America’s national parks have been called the country’s best idea – and it’s an idea that took hold in the wondrous pocket planet that is Yellowstone, the world’s first and, some would argue, most magnificent, national park.
This article appeared in the Summer 2017 issue of Lonely Planet magazine's U.S. edition.
The park’s tallest waterfall, the Lower Falls plunges 308 feet into the Grand Canyon of the Yellowstone © Matt Munro / Lonely Planet
‘I sat there in amazement while my companions came up, and after that, it seemed to me that it was five minutes before anyone spoke.’ So wrote Charles Cook in 1869, recording his expedition’s dumbstruck arrival at the head of a 20-mile-long, 1200-foot-deep gorge crowned by a mighty green cataract and flanked with steaming, hissing walls of crimson, mauve and yellow.
Cook’s expedition had been dispatched to the lonely Montana-Wyoming border after wide-eyed fur trappers and prospectors came back from the region with tall tales of hot waterfalls that rose upward, of petrified forests and an alien world of fire and brimstone that trembled underfoot and belched orange gas and boiling mud. Silenced awe became the Cook party’s default mode; it was all true. That such a well-trodden nation, by then already an established global superpower, should have secretly nurtured this extraordinary lost kingdom seemed almost unbelievable. For most, it still was: the U.S. government accepted Cook’s account only when a further expedition returned with irrefutable photographic evidence.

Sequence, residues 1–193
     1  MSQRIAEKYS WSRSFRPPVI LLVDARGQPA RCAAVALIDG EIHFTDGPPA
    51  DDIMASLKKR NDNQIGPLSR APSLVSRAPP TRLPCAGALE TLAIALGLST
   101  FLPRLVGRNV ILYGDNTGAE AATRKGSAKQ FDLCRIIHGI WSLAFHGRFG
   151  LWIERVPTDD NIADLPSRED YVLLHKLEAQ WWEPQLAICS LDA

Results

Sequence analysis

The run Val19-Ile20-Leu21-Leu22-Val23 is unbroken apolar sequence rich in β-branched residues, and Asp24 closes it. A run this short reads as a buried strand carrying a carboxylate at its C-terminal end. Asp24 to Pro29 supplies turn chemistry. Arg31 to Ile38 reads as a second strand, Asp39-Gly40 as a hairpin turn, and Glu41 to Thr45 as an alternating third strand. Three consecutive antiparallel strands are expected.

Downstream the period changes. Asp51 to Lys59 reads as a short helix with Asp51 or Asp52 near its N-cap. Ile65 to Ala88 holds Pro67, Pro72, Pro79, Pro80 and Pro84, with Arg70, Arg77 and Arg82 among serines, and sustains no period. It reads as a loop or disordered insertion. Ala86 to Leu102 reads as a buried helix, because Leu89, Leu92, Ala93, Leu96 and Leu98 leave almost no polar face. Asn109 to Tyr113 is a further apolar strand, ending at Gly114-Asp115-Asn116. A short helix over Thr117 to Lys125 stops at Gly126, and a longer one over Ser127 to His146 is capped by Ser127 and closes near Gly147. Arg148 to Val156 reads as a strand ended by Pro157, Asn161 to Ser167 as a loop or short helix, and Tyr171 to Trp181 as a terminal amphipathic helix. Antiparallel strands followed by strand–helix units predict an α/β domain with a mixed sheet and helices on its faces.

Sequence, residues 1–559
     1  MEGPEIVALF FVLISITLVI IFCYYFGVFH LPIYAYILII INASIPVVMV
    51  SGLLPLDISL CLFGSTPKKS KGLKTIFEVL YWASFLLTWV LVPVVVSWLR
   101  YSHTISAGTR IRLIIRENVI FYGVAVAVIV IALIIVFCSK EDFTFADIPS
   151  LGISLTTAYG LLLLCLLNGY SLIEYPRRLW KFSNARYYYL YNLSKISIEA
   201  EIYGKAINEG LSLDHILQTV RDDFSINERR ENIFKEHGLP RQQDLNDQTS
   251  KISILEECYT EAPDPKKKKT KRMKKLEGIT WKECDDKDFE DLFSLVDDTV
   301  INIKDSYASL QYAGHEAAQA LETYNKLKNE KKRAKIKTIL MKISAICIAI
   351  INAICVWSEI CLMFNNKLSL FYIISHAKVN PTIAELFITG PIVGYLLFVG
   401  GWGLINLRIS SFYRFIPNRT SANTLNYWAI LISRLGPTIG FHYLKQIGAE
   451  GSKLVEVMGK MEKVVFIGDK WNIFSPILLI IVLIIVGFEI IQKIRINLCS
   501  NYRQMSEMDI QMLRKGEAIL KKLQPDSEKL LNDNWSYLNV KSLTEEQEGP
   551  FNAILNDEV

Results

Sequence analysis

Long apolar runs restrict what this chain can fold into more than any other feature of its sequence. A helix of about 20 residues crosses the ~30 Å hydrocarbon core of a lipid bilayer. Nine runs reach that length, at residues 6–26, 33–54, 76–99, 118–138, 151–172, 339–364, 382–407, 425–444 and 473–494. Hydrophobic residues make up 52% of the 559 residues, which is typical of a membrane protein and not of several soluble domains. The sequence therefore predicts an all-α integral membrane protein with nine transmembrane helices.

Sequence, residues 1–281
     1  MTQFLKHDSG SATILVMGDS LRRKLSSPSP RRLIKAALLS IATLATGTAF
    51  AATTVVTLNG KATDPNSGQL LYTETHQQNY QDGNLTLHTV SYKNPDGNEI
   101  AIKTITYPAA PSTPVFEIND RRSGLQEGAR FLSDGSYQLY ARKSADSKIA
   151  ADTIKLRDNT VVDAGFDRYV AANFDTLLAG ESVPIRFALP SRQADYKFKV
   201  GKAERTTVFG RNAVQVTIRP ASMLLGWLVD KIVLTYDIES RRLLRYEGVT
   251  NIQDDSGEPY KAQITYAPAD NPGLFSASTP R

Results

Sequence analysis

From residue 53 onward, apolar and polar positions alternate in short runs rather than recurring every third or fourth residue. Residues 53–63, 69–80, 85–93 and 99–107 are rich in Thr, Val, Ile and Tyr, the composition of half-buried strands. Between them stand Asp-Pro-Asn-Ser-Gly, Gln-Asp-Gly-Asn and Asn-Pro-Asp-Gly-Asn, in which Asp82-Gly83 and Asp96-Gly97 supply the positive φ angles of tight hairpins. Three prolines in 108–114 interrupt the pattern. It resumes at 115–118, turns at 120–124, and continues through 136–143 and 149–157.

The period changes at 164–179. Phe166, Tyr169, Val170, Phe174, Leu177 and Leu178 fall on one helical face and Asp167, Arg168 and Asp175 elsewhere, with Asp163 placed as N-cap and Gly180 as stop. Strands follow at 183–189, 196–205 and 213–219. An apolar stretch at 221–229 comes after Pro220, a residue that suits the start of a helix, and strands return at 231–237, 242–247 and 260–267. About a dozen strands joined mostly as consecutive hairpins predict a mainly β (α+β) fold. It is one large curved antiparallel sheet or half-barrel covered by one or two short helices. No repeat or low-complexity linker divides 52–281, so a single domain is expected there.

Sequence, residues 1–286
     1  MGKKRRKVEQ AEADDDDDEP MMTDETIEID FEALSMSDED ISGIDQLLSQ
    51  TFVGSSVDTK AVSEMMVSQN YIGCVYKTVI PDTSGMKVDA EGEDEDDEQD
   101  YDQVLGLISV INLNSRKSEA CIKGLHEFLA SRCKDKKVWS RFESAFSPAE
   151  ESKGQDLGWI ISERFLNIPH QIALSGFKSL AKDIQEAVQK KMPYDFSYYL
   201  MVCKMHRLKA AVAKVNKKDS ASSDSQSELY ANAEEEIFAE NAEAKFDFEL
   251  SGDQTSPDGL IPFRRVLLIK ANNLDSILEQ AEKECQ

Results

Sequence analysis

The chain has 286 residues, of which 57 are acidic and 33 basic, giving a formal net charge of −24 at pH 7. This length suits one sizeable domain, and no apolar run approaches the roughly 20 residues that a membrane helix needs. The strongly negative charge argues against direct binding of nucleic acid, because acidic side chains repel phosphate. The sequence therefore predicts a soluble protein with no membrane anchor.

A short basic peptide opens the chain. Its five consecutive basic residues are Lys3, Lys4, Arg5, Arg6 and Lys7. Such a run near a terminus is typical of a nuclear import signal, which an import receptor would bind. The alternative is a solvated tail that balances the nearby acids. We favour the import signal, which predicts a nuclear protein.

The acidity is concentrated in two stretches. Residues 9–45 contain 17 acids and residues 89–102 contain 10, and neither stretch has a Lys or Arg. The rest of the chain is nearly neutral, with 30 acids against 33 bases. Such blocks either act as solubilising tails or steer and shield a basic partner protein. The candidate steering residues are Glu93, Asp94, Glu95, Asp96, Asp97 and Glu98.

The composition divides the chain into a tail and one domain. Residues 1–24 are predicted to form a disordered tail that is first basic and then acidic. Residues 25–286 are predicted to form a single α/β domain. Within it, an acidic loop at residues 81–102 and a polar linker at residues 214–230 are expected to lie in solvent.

A view from a trail leading from Mammoth Hot Springs © Matt Munro / Lonely Planet
Approaching Yellowstone National Park, I can understand the skepticism. Wyoming, where 96 percent of the park lies – the rest is in Montana and Idaho – is dominated by the discouraging, dun-colored nothingness of the High Plains in the southeastern part of the state. The scenery wakes up in northwestern Wyoming outside Cody, a city founded by and named after William “Buffalo Bill” Cody, and suddenly I’m driving through mighty canyons and gilded forests. A wide-open-sky sunset lends every vista a cinematic majesty.
By the time I pass beneath the twilit pine-log eaves of Yellowstone’s eastern entrance, I’m beginning to channel Charles Cook, to grasp the sudden surge of protective pride that led to the 3000 astounding square miles before me being enshrined – just two years after its resident wonders were proven to exist – as the world’s first national park. ‘Withdrawn from settlement, occupancy or sale,’ the 1872 Yellowstone Park Protection Act stirringly decreed, ‘for the benefit and enjoyment of the people.’